Archives for August 2006

Scoble visiting the Plex

Robert Scoble is visiting the plex tomorrow (okay, today at this point. I lost this post and need to get the WordPress autosave functionality going). What should I ask Robert?

Aha, looks like he’s got a question for me about the Windows Live Writer blog. Without doing any actual debugging (I’m not on the VPN), I noticed:

– a query for [windowslivewriter] returns pages from the site, so we do have some pages from the site in our index.
– but the site is pretty brand-new (only one post on the blog so far, dated Aug. 11, but it didn’t get traction on Techmeme until Aug. 14th).
– the title of the blog is “Writer Zone,” which is a little generic. If you want to show up for a query like [windows live writer], having that in the page title certainly could help.
– doing the query [] returns some urls like!D85741BB5E0BE8AA!174.entry . In general, urls like that sometimes look like session IDs to search engines. Most bloggy sites tend to have words from the title of a post in the url; having keywords from the post title in the url also can help search engines judge the quality of a page.

Ah, but I can hear people saying that also had urls like “!5D73BE0B4076E647!330.entry” and has lots of indexed urls. That brings up the whole subject that has been migrating to I know that was a pretty big change for the Spaces folks. Anytime we know about big changes like that across the web, we want to help make sure that the changes go smoothly. I know I got over 12 emails from GregP over at Microsoft about the progress of the migration from to, and I checked with the indexing folks at Google to ask about how long it might take to crawl sites over at and see that they’d moved over to So there’s a chance that it might be something related to the hostload or the amount of new pages we can crawl over at Anyway, I’ll dig into it more tomorrow.

Let me know if there’s anything that you want me to ask Scoble. 🙂

Update: It was nice talking to Robert Scoble and Scott Mace of Calendar Swamp. We talked about blogging, the differences in cultures at several companies, and what Google should be doing better on. Scoble had a couple follow-on posts here and here.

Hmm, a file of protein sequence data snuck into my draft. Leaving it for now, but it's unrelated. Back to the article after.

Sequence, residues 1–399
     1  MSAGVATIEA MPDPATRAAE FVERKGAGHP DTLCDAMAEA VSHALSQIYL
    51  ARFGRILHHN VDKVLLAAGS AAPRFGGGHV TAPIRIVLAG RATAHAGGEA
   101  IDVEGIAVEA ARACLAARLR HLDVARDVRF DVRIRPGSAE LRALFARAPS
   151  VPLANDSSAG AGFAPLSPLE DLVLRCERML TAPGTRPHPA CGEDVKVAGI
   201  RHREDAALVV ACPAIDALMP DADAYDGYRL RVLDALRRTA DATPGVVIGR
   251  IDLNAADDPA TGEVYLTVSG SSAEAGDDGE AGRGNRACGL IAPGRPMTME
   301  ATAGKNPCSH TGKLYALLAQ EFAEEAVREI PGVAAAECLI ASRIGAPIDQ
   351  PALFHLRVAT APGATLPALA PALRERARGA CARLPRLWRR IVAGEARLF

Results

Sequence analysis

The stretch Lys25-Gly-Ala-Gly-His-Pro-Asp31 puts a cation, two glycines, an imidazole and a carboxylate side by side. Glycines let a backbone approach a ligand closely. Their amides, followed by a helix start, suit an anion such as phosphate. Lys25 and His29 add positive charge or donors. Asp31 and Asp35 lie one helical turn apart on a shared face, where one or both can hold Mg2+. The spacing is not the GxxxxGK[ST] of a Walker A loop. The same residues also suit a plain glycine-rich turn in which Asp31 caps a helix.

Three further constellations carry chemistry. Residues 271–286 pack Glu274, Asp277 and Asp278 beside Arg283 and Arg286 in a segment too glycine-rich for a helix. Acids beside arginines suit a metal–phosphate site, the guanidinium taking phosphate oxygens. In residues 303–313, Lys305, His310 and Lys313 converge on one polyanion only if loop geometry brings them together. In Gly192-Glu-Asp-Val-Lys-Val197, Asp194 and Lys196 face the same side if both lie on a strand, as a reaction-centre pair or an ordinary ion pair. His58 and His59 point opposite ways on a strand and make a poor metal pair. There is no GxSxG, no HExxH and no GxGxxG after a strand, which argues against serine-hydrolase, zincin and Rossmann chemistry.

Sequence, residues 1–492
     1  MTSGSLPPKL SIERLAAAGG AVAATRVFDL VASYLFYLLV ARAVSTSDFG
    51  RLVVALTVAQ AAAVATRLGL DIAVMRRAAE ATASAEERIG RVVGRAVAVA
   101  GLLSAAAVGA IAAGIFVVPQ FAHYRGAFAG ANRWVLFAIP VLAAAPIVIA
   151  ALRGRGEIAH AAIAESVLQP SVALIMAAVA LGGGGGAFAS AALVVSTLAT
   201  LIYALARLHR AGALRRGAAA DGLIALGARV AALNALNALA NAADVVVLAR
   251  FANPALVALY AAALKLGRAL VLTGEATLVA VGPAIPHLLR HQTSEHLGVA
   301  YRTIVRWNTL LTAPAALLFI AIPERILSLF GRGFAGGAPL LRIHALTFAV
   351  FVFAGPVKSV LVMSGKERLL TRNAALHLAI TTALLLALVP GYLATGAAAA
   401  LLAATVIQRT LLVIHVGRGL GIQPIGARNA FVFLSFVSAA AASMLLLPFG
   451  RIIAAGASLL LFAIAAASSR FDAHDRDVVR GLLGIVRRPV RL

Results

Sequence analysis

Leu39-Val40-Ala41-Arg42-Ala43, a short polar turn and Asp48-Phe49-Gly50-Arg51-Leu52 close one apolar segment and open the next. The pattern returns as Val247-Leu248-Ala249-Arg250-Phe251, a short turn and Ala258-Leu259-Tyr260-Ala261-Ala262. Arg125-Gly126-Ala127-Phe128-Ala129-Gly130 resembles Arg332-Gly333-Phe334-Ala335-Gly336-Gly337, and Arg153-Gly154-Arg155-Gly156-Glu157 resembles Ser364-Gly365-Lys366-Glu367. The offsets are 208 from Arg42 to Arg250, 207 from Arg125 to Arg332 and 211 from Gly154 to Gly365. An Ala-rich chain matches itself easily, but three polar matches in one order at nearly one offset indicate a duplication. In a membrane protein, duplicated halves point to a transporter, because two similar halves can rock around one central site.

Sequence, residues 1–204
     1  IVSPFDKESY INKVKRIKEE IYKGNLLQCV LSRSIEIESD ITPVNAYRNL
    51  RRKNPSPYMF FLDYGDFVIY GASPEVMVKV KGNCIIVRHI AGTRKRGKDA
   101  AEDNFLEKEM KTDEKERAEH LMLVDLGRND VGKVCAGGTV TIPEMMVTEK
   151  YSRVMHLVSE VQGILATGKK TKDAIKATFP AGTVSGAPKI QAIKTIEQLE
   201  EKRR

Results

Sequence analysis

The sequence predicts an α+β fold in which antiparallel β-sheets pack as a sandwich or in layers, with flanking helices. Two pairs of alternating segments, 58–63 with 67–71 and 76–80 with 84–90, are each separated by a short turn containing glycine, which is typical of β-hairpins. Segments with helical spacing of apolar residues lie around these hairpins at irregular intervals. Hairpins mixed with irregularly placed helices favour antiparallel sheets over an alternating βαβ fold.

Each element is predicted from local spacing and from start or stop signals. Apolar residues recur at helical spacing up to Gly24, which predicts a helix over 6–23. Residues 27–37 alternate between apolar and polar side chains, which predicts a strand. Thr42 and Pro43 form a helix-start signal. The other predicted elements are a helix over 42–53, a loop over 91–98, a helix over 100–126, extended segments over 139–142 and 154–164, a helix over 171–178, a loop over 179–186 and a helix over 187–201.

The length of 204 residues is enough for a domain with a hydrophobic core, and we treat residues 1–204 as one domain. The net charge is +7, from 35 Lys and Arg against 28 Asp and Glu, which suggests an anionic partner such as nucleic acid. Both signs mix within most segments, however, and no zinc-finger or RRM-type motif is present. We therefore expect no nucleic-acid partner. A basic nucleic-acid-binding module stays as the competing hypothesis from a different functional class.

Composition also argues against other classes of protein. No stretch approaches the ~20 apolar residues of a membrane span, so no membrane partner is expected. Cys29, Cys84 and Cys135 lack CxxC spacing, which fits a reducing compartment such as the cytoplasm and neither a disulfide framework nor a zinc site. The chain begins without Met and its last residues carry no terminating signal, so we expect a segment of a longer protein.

By the way, it looks like the primary issue with the Windows Live Writer blog was the large-scale migration from to about a month ago. We saw so many urls suddenly showing up on that it triggered a flag in our system which requires more trust in individual urls in order for them to rank (this is despite the crawl guys trying to increase our hostload thresholds and taking similar measures to make the migration go smoothly for Spaces). We cleared that flag, and things look much better now.

For a search like [windows live writer], I see the Windows Live Writer blog at number one, and the Windows Live Writer Beta product download page at number 2. Going forward, I’ll keep an eye on the to migration with the crawl folks to make sure that it continues to be smooth. It also looks like Mike Torres is #1 for searches like [torres talking], so overall things look pretty good now.

Handling noindex meta tags

Okay, here’s a question. I did the search [congoo] recently and didn’t get the home page of Congoo–why not? If you view the source of, it turns out that they have a noindex meta tag:

<meta name="robots" content="noindex, nofollow" />

Okay, so Congoo apparently doesn’t want their root page to show up in search results pages. Fair enough. But just for fun, I did the search on Ask, Yahoo!, and MSN. Ask doesn’t show the root page from Congoo, but Yahoo! and MSN do. MSN shows just a url reference:

MSN has Congoo in the index

But if I click on the Cached link, I get the message “Could not find the requested document in the cache.” So it looks like MSN may handle noindex meta tags by showing a url reference but not any snippet.

Now let’s look at Yahoo’s result:

Yahoo has Congoo in the index

Huh. They show a 15K page with a Cached link. I clicked on that link and the cached copy had the noindex meta tag on it.

So based on a sample size of one page, it looks like search engines handle the “noindex” meta tag:
– Google doesn’t show the page in any way
– Ask doesn’t show the page in any way
– MSN shows a url reference and Cached link, but no snippet. Clicking the cached link doesn’t return anything.
– Yahoo! shows a url reference and Cached link, but no snippet. Clicking on the cached link returns the cached page.

Something to be aware of. Personally, I’d prefer it if every search engine treated the noindex meta tag by not showing a page in the search results at all.